On Bloody Sunday Anniversary, Families Again Call for Justice

British paratroopers opened fire on demonstrators in Derry, giving rise to decades of violence
By Bob Cronin,  Newser Staff
Posted Jan 30, 2022 3:05 PM CST
On Bloody Sunday Anniversary, Families Again Call for Justice
Irish Prime Minister Micheal Martin looks up as he lays a floral tribute at a memorial to victims Sunday in Derry.   (AP Photo/Peter Morrison)

Hundreds of people on Sunday walked the route of marchers who were killed by British paratroopers a half-century ago in Northern Ireland during a civil rights demonstration. Family members of those shot to death in Derry on what's now known as Bloody Sunday were among those at the remembrance, the Guardian reports. Along with other political leaders, Irish Prime Minister Micheál Martin laid a wreath and called for accountability even now in the killings. "I believe that the full process and justice of the courts should be deployed," he said after meeting with the families. The unionist parties were not represented, which Martin said "would have been helpful."

The 1972 march, in which 13 people were killed, launched—along with another demonstration four years before on the same streets—the three-decade-long Troubles, per the New York Times. By the time the Good Friday peace agreement of 1998 was signed, more than 3,500 people had died in the fight between those who wanted one Ireland and those who wanted Northern Ireland more closely tied to the UK government. Bloody Sunday hardened both sides, bolstering the Irish Republican Army most of all. "Many young people I have talked to in prison have told me they would have never joined the IRA had it not been for what they witnessed on Bloody Sunday," said the Rev. Edward Daly, who had helped carry a shooting victim, in 1998.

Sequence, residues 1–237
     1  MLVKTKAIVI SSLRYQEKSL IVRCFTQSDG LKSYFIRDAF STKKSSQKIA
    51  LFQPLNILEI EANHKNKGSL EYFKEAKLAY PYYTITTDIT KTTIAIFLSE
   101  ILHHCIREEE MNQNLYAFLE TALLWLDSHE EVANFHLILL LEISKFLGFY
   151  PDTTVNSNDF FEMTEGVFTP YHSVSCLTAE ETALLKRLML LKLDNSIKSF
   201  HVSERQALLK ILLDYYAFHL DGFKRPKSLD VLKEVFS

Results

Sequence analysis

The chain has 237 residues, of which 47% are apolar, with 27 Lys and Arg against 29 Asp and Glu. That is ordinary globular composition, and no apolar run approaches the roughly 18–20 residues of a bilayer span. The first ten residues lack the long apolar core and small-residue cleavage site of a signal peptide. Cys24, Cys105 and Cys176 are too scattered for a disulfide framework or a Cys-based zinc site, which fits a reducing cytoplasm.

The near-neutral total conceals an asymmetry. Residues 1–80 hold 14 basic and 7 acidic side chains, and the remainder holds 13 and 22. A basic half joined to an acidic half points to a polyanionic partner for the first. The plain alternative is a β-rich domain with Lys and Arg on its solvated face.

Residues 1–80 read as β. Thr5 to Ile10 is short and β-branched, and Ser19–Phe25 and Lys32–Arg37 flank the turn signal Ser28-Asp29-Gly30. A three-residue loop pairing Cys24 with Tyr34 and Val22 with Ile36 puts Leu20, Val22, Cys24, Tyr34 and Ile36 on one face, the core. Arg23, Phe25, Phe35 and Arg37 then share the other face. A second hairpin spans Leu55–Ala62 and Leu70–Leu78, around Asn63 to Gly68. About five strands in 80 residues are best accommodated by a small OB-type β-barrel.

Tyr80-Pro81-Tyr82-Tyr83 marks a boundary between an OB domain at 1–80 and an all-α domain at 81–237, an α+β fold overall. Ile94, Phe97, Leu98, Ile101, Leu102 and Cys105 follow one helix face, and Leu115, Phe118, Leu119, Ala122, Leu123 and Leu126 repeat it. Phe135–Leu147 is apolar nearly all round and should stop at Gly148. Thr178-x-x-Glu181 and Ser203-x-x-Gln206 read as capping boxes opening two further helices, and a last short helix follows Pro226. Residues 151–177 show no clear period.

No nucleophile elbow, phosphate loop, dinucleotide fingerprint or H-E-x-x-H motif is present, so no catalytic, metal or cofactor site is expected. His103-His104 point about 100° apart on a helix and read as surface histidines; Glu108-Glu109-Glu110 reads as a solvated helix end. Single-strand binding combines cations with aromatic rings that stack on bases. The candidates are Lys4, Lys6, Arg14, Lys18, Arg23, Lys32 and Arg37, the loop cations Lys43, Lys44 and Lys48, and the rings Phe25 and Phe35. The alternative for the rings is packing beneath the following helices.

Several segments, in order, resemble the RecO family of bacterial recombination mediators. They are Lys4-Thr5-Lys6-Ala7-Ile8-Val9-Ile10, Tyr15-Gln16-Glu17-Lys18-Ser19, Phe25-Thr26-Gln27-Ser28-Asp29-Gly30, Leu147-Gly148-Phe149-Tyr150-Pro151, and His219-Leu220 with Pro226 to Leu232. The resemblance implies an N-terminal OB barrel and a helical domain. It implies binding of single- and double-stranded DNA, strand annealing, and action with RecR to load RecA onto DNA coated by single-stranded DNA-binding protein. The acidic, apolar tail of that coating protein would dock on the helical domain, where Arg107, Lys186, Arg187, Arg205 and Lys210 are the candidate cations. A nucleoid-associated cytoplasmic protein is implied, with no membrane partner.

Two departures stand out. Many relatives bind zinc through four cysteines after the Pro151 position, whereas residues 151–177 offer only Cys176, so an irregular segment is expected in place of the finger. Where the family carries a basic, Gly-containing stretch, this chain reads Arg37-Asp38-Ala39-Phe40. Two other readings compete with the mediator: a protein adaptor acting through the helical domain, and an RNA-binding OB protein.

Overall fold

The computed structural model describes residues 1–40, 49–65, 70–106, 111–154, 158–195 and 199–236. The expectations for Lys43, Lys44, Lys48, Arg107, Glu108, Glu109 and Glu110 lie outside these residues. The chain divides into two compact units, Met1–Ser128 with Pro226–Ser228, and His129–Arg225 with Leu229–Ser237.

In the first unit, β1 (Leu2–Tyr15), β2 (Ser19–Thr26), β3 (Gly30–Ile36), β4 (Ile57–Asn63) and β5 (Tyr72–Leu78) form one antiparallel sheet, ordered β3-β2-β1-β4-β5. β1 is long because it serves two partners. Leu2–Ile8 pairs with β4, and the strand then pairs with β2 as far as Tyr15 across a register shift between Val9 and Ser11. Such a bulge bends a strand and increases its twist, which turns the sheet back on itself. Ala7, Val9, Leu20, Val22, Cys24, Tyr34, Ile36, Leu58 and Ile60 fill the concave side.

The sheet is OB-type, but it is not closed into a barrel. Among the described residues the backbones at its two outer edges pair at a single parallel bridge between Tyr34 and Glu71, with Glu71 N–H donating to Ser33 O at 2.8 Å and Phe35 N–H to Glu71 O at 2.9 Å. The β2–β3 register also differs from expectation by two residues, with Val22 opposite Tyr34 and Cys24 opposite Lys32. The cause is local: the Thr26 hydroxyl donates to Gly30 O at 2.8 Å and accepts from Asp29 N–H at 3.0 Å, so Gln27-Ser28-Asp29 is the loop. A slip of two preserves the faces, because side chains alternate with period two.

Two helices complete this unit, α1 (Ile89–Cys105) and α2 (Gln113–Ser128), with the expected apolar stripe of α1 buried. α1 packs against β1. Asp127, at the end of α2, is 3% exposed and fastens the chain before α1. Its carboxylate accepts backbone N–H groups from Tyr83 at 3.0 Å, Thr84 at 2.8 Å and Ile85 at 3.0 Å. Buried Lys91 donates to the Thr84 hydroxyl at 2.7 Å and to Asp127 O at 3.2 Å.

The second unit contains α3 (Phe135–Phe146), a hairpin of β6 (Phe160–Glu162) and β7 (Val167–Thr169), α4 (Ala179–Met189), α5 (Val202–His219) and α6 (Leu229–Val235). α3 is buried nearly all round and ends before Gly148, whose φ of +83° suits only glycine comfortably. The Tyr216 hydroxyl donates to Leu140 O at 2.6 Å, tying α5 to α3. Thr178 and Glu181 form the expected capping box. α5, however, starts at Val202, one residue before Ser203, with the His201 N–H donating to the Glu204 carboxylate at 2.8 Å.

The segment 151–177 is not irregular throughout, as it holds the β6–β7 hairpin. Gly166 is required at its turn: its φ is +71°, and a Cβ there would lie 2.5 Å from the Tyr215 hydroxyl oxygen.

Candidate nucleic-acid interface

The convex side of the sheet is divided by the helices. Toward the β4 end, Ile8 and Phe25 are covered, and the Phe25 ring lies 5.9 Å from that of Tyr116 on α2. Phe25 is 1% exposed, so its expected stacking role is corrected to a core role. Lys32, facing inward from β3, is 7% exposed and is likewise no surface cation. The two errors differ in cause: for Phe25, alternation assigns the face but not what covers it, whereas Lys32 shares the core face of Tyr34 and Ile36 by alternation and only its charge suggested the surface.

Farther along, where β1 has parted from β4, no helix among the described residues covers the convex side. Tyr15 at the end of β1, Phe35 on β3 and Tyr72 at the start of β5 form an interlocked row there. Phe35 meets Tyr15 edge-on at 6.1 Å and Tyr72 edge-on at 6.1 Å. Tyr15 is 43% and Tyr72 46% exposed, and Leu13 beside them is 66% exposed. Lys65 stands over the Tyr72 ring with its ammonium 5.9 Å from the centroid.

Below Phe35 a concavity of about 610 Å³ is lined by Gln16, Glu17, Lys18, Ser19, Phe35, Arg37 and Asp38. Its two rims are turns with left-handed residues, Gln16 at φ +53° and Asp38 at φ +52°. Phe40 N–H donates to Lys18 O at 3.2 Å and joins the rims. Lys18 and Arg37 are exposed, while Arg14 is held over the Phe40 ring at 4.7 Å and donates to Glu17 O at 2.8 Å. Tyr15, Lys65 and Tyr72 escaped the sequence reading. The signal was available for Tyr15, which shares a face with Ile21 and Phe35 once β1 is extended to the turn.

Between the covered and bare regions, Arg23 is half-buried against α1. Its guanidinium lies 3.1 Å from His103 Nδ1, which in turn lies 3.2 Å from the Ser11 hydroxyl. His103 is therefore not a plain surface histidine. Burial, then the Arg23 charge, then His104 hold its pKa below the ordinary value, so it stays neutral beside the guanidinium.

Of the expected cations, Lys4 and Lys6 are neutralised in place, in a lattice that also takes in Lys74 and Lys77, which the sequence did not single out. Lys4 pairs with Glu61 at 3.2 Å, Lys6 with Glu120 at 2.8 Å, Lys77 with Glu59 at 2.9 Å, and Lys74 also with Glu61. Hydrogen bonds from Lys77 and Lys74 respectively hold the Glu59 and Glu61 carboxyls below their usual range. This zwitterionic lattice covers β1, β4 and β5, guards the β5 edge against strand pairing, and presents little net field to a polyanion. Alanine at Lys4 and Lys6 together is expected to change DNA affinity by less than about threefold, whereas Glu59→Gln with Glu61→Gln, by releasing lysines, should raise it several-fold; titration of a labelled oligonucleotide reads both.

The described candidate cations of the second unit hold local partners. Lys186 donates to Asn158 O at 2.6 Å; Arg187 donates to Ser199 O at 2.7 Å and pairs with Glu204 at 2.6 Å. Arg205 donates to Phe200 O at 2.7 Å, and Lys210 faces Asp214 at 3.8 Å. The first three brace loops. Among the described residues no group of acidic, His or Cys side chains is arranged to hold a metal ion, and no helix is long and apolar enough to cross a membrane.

In 2019, one former British soldier was charged with killing two demonstrators and wounding four more. But prosecutors dropped the case last year, saying there was no chance of a conviction; a family is fighting that decision, per the AP. The UK issued an apology in 2010 after a government inquiry found the troops opened fire without justification on unarmed civilians who were fleeing, then lied about it for years, per Euronews. Prime Minister Boris Johnson said last week that Bloody Sunday was "one of the darkest days in our history." Michael McKinney, whose brother William was killed in 1972, said Sunday the government is "trying to deny us justice," adding, "We will not go away and we will not be silenced." (More Bloody Sunday stories.)

Get the news faster.
Tap to install our app.
Install the Newser News app
in two easy steps:
1. Tap in your navigation bar.
2. Tap to Add to Home Screen.